It’s getting tougher and tougher to make a living as an artist, and the city of Philadelphia is trying to make it harder for venues and promoters too. Philly Councilmen Darrell Clarke and Bill Greenlee have put in a proposition for bill No. 100267, which will tack on a new list of requirements and regulations for concert promoters both professional and DIY. Many are arguing that the new requirements will eliminate many of the city’s music promoters as they will be liable not only for the actions of concert goers during the show but afterwards as well.
According to CityPaper.net:
The bill requires that every permit application include a copy of the contract between the venue and the promoter — in effect, making rental prices and rates for each individual promoter a matter of public record . To make matters worse, the cops can deny a permit for any reason and without explanation up to 10 days before the event — which could devastate businesses that fronted costs, to say nothing of destroying the credibility of those trying to book events.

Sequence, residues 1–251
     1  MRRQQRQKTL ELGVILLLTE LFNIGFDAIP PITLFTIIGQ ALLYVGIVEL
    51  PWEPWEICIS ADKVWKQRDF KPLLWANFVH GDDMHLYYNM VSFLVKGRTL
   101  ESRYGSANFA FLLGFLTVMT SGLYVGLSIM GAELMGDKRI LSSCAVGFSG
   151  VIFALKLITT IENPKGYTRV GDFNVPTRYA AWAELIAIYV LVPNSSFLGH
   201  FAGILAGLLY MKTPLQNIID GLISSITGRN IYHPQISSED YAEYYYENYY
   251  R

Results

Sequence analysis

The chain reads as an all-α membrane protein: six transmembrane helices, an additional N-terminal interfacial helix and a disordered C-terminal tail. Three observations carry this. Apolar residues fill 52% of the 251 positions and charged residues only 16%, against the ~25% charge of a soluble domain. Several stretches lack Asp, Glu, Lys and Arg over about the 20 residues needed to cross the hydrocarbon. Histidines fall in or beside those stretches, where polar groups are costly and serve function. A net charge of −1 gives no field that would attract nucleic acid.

Greenlee states that the reason for the changes in policy are related to a number of “event-driven disruptions throughout the city” including a sold-out show at the Comcast Center that resulted in many concert-goers taking to the nearby streets. The thing that has a lot of people confused on this end is the fact that the Comcast Center is a skyscraper, not a venue, and after searching for two days and asking a few people we know in Philly, we couldn’t find what concert it was that supposedly triggered this bill. Whatever the actual cause of this proposed bill is seems trivial considering that if it’s passed, the cost to businesses would likely be more than what the Congressmen are trying to prevent.